1950s - A view of the intersection at Sunet and Holloway pre-Cinematheque 16. Thanks to Bill Caffrey for posting this on the Facebook page Vintage Los Angeles. The theatre was in the second building on the left, with the columned entrance. The theatre entrance was just beyond the building itself. Book Soup is now in the building beyond that at 8818, which dates from 1935.


early 1960s - Thanks to Tom Anderson for locating this shot for a post on the Mid Century Modern Facebook page.

2014 - The building on the left is on the site of the theatre. It's a photo by Russell Gearhart that's on the photo gallery page of the Book Soup website.

2019 - The theatre entrance was once just to the left of the gray Book Soup building. Photo: Google Maps

More information: See the Cinema Treasures page on the Cinematheque 16. Check out the Orpheum Theatre Corporation Facebook page.

The Cinematheque 16 is discussed as a home for experimental film on page 225 in David James' 2005 book "Most Typical Avant Garde: History and Geography of Minor Cinemas in Los Angeles." The author is a professor in the school of Cinema-Television at USC. The book is available from the University of California Press or Amazon. A preview is available on Google Books.

Visit the page here on this site about the Cinematheque 16 in Pasadena. 

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  1. I've been curious about the Cinematheque 16 location as I recall a different spot for the theater. I attended film screenings at the Cinematheque 16 a couple of times during the summer of 1967. As I recall, the location was not on the Strip but somewhere on the south side of Sunset Blvd. in the middle of a shopping strip a block or two east of Fairfax Blvd. I no longer have the handbills, but it definitely was the same name and same kind of programming as mentioned in this page's description. My first visit I recall as July 5, 1967.

    1. Hi, Ron -- Thanks for your comments. My first impression is that it's unlikely there was a location on Sunset near Fairfax with the same name. We seem to have ads from the summer of 1967 with the 8816 1/2 address being used. But who knows? Let me know if you figure anything out.

  2. Cinematheque 16 was at 8816 1/2 Sunset. Circa '74, it became The Sun Art Theater. By '77, it had become The Orpheum Theater. The Germs played their first show at The Orpheum on April 16, 1977. There are two posts confirming these details on the Facebook page of The Orpheum Theater Company.

    1. Lovely! Thanks for the data. I had seen ads for the Sun Art and a photo of the Orpheum but my brain hadn't made the connection that these were all the same site. I'll get the page updated. Your input is much appreciated.

  3. Here's a link to a photo taken in Sep of '77, with the theater in the background (left of center). The top part of the sign clearly says, "Orpheum Theater." The Book Soup building is to the right of the theater sign. The building to the left is no longer there.

    1. Thanks -- But I had seen the image maybe a year ago -- that''s when I first started wondering what the Orpheum name was doing in WeHo. I had it sitting in my files and finally put it on the page yesterday before your comment here. I did take the liberty of leveling it a bit so perhaps that's why you didn't recognize it as the same image. I'll add a link to the Getty site in the caption. Cheers!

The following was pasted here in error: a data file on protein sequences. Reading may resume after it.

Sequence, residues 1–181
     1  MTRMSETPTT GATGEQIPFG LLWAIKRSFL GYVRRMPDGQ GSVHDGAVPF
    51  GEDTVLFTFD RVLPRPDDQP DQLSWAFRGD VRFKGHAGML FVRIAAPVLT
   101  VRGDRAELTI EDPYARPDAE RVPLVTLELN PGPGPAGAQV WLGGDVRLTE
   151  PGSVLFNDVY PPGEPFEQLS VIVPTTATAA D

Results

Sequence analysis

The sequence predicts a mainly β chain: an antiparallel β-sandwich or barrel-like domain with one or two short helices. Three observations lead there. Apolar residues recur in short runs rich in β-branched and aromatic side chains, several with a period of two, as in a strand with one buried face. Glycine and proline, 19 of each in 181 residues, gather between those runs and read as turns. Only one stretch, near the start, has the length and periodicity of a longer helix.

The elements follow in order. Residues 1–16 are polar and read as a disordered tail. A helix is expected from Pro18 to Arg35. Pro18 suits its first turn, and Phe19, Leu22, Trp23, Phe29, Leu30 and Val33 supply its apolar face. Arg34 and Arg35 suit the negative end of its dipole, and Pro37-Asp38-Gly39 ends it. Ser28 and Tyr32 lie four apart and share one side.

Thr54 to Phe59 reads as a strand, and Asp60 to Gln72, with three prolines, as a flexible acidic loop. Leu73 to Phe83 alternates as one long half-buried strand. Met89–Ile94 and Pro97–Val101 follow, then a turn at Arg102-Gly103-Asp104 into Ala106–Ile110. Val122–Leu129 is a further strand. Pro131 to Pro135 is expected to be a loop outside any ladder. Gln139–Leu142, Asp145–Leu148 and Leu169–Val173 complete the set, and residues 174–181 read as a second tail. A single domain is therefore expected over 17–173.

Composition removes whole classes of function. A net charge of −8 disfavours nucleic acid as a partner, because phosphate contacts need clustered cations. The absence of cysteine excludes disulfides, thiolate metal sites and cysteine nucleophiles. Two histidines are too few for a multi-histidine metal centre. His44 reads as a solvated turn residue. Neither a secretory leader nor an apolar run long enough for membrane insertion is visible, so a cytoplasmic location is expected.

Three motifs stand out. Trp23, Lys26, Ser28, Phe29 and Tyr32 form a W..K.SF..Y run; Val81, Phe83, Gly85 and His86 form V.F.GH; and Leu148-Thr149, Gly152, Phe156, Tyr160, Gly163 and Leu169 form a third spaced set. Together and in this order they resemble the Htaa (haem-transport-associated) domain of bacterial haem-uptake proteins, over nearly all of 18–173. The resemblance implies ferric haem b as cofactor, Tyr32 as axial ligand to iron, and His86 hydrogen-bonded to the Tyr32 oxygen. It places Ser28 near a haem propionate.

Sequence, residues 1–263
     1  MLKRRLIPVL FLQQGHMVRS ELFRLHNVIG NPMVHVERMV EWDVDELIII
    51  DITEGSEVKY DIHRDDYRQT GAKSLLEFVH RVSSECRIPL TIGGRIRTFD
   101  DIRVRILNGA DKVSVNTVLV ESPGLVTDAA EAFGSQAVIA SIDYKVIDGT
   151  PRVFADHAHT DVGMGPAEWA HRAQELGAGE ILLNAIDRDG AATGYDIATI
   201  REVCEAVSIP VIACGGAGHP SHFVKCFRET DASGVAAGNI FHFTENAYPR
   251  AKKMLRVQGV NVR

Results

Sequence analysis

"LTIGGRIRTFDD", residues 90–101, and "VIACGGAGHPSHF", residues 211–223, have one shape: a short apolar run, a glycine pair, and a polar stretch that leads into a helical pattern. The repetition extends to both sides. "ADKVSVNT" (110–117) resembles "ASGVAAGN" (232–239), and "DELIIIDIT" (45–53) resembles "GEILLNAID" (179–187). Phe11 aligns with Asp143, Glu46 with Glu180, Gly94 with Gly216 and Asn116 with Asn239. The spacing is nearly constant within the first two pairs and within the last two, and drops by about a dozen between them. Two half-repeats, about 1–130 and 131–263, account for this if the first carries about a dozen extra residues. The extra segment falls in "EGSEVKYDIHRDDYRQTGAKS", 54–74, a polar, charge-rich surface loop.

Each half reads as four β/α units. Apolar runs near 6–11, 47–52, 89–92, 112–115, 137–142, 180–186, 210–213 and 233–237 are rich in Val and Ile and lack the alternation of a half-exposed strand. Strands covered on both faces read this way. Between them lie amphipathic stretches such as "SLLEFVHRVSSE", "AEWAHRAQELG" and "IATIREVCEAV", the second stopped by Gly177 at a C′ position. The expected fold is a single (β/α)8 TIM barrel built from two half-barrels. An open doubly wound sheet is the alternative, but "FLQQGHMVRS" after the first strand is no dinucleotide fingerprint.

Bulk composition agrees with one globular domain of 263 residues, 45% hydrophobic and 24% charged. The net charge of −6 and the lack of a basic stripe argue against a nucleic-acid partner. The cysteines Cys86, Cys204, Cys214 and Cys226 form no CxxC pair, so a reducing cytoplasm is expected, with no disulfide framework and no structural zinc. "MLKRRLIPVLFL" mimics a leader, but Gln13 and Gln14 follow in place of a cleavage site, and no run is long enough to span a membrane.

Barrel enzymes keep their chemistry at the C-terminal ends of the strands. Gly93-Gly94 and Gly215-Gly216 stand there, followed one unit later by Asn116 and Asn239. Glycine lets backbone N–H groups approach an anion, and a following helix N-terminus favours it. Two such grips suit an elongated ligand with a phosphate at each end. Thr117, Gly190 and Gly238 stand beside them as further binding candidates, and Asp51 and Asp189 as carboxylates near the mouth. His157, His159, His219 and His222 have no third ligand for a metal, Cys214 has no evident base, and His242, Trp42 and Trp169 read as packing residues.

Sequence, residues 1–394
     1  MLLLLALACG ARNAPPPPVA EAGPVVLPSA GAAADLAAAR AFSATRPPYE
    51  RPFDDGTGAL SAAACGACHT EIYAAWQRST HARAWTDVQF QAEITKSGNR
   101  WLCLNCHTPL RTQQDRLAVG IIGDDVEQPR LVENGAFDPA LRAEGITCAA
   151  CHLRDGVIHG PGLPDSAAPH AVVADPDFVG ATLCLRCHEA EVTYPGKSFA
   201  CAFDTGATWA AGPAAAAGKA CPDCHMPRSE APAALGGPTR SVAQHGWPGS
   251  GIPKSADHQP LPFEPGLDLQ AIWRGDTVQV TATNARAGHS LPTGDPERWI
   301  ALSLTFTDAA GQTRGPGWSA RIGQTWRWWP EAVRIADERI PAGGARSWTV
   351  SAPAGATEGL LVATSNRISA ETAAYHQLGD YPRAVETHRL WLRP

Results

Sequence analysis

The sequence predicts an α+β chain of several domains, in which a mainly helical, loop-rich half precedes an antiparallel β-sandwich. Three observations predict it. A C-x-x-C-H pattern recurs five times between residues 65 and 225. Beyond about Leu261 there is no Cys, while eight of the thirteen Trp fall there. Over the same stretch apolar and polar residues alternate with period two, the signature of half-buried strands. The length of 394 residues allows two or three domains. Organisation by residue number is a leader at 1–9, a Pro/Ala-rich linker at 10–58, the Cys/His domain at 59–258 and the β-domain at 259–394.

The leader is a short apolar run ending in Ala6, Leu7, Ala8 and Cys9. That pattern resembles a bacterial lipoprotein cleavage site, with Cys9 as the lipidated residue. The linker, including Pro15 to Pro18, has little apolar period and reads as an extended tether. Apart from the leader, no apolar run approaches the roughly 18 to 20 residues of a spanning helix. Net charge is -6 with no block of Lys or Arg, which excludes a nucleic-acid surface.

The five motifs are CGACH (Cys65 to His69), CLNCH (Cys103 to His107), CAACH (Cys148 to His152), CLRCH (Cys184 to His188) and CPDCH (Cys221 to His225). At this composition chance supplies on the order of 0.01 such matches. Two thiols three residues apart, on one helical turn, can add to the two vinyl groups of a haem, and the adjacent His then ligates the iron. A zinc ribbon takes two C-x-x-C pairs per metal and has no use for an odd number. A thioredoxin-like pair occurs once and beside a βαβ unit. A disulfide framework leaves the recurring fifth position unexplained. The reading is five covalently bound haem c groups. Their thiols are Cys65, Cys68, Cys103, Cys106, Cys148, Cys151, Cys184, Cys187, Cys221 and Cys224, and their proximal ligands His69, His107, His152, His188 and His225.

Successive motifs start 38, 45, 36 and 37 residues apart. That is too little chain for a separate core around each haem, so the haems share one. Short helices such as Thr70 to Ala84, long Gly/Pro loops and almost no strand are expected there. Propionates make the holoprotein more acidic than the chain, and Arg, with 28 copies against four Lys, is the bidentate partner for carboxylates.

2. Apologies! I didn't see that you had already added the photo.

      I came across your site while trying to figure out the exact location of The Orpheum, which I had just read about in Pleasant Gehman's essay in John Doe's book, Under the Big Black Sun: A Personal History of L.A. Punk.

      Her description of the theater:

      "The Orpheum wasn't a regular rock venue, just a small black-box theater that Peter Case [of The Nerves] had somehow managed to rent for this gig, which I believe was the first -- and last -- rock show ever held there. Located just off the Sunset Strip, kitty-corner from Tower Records on the tiny dead-end Nellas Street, the entrance was in the back, and as our carful of crazies arrived, there was already a number of punks congregated in the alley drinking, including Belinda [Carlisle, of the Go-Go's]....

    3. No apologies necessary. It's been great to have your input for the page. I had made a few wrong assumptions so it's terrific to get the page more accurate. And thanks for the quote from Gehrman. I'll add it. It appears that the comment about only rock show being held there was a little off, though. Cheers!

  4. There’s a shot of the Sun Art Mini Theatre in the movie “That’s the Way of the World,” starring Harvey Keitel, from 1975, at about 1:17:26 in. Looking for more brought me to this page. Thanks for the history.

    1. Thanks for the data, Luis! I see Netflix doesn't have a DVD but sooner or later I'll catch up with the film. I appreciate your taking the time to comment.

    2. It's on Amazon Prime Video for free :) There's a short sequence of shots of that area of Sunset Blvd at that time that fit in nicely with the pics you've shared.

    3. I did see that Amazon had it but I'm not on their program. Need a project, Luis? You could get us some screenshots.

  5. Here are links to screenshots from the Keitel film with the Sun Art in the background. Not sure how long the links will last, so you might want to save copies if you care.

    1. Lovely! Many thanks for getting the screenshots. As you can see, I added one shot here on this page and a second on the Theatres in Movies post about the film.

  6. The theater is also in the 1969 movie L'Amour De Femme and the first photo is a screenshot from the movie. That's model/actress Cathy Adams aka Carol Appleby at the bottom.

    1. Thanks. But what screenshots are you referring to? Are you emailing them to me? -- Bill

    2. The first photo, the one that says it's from a mid century modern Facebook page. It's a screenshot from the movie I mentioned. I had it paused on that exact frame when I was reading this post. I didn't email anything I was doing Google searches on building names that were visible in the movie just to see where the filming locations were and I found this blog.

    3. Aaah. Now I understand. I'll add that to the caption. Thanks for the research!